The Sunday Gaming ClubÂ 1
Greetings and salutations! Your new friends here at Nightmaremode.net have a lot of interesting things planned for the future, though for the moment we’re still working out the kinks, and introducing you to the whole staff. In that spirit, I would love to introduce you to one of the running features we’re setting up to chug along ad infinitum: The Sunday Gaming Club.
Have you ever gotten to Sunday, finished with all the cool, exclusive Sunday features (I’m particularly fond of Rock Paper Shotgun’s Sunday Papers) and wonder, yes, all this journalism is fine and dandy, but what about the games? And more importantly, why am I not playing them?
Fear not, gentle reader! For we have just the solution to your problem. The Sunday Gaming Club is an institution dedicated to three things: curing Sunday’s doldrums, providing you with some of the best names in free gaming, and being snappy dressers. If you’re interested in at least one of these categories, kick off your shoes and settle on down, because we’re about to show you some gaming love.
As a general rule here, we here at The Sunday Gaming Club intend to not highlight only the newest, most obscure free games, but rather dip back in time and highlight games you might have missed. We have three categories (for three games!): the Marquee, which is the big name game you’ve probably heard of, the Appetizer, which is a smaller game you can probably power through in a couple hours, and the Main Course, which is a big, exciting game, usually a newer one. Additionally, I intend that every week at least one of these games will be playable on operating systems other than Windows (for all our Mac and Linux based friends), for egalitarianism and such good times.
On to the games:
The Marquee: Spelunky Downloadable, Windows
As our first Marquee, I figured it would be wrong to highlight anything other than possibly the best free game of all time. No, not Cave Story, but rather Derek Yu’s brilliant, fantastic marriage of side scrolling exploration and a roguelike.
The idea here is that there’s a cave. And you can explore it. Of course, exploring it isn’t as easy as that, because it’s god knows how many floors, each filled with impossibly deadly traps and risk/reward scenarios, presenting you with a myriad of choices, most usually ending with you splattered all over the cave. Especially if you try to steal from shopkeepers.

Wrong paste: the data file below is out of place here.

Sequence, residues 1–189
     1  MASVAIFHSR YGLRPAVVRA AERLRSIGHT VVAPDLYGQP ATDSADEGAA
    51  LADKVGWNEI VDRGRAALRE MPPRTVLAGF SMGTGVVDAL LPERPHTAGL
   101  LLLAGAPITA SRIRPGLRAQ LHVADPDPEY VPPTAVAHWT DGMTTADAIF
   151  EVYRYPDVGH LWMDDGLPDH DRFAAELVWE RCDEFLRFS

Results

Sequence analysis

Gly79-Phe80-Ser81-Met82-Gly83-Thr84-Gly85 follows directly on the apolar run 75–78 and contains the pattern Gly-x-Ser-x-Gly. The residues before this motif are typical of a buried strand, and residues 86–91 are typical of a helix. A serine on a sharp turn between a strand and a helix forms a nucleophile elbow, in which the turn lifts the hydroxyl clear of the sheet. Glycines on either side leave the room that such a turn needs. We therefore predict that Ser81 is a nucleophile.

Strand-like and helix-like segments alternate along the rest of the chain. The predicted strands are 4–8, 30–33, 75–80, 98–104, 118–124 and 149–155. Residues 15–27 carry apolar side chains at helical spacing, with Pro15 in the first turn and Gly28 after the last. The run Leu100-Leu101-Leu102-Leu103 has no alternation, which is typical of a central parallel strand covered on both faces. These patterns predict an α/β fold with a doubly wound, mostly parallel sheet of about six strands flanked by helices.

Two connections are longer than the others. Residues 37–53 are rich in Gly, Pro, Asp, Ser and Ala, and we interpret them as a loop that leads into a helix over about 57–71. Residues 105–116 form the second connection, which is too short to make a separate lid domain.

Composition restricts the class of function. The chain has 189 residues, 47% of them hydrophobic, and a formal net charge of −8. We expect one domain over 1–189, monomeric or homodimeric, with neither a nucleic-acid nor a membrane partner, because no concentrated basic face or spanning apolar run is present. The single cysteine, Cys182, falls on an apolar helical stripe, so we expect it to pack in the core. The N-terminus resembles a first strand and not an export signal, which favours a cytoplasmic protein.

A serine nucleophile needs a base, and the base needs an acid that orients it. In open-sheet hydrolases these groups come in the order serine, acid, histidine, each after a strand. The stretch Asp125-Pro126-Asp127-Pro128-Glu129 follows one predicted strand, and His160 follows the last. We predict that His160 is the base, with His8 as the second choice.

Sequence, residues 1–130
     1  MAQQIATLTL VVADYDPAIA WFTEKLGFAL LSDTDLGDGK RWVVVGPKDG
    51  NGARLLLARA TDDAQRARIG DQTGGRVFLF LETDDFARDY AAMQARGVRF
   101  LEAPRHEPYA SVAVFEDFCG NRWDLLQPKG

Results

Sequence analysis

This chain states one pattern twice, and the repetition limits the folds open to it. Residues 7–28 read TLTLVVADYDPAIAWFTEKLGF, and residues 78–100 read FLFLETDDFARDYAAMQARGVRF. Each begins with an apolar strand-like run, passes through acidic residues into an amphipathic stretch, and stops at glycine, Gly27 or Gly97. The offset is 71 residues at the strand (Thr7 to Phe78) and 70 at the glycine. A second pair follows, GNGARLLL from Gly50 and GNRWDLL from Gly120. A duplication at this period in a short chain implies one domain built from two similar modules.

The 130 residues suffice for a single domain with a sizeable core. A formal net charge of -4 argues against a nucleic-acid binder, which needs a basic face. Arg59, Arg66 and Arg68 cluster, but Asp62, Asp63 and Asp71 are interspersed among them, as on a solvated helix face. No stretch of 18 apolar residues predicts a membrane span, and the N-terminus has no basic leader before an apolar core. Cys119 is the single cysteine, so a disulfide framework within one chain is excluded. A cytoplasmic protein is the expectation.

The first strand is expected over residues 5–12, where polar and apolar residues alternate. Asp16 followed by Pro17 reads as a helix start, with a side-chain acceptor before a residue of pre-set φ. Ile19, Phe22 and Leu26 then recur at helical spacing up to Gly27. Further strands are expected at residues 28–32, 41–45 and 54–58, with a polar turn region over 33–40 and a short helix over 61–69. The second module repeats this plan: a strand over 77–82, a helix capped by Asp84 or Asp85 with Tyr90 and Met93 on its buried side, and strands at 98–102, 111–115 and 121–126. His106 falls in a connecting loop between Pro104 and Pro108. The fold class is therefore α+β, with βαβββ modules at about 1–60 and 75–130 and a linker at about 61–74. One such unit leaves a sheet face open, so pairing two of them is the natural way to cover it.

Oh, you can steal from shops. That’s probably the biggest and best feature. There are shops, manned by unscrupulous men with shotguns, littered around the cave, and should you get greedy, you can engineer their demise and take all their supplies. Of course, if you do so, there are other, violent reprocussions, but that’s a tale for another time.
Did I mention everything is randomized, so there’s nothing to stop you from playing it a hundred times in a row? I didn’t? I thought I did. Oh well. Really, you’ve wasted at least one play of Spelunky reading this, you should go download it and play it if you haven’t. If you have, well, good. I’m proud of you.
The Appetizer: The Mirror Lied Downloadable, Windows
For the appetizer portion of today’s collection, we will highlight what is possibly my favorite little art game of all time: The Mirror Lied. It’s an experimental little yarn (it’s called a short in the introduction, so it’s a short!) aboutâ€¦well, it’s difficult to describe. A girl, living alone in a house. Maybe alone in a house. It’s very heavy on the atmosphere and less heavy on the actual game, which means it isn’t for everyone. But if you can appreciate more experimental forms of storytelling, it’s quite tense.
There’s very little twitch skill involved (none, I would say), so this is the perfect lazy Sunday game. Comparison wise, it’s got a lot of the same art charm of The Path, in that it’s slow and very atmospheric, so that’s a decent barometer. And it’s free. You can’t go wrong with free, unless you have to delete key operating system files to make the 20 megabytes it’ll take up.
The Main Course: Talesworth Adventure: Quest for the Dragon’s Hoard, Flash
It’s tough picking the right games for this. On one hand, you want to have something that might appeal to everyone. On the other, I have my own personal interest in game narrative, andâ€¦this makes it tough for me to pick things without strong storytelling aspects.
Talesworth Adventure: Quest for the Dragon’s Hoard is my game without a story. Instead, it’s a very competent puzzle game (really!) where you are tasked with running a very stupid little man through a dungeon, collecting all the treasure and not getting murdered by trolls, darts, and holes. It’s actually probably the shortest of these games, ironically, but it’s a neat take on puzzles, and presents you with a set of challenges different from your standard brick breaking puzzler.
You’ve got a completely varied time of gameplay here. Some people say it takes a fair bit of time, whereas this game was wired in the same way my brain was, making it about a fifteen minute distraction. But, for most of you, it will take longer. At the very least, it’ll be a pleasant diversion from whatever you’re intending to do this Sunday (homework? Cut the lawn? Kill a hooker and dump her in the East Ri h-h-h-hey!).
So that’s it. You stay classy, Sunday, and we’ll be back next week, with three different games for you to peruse and then promptly forget about.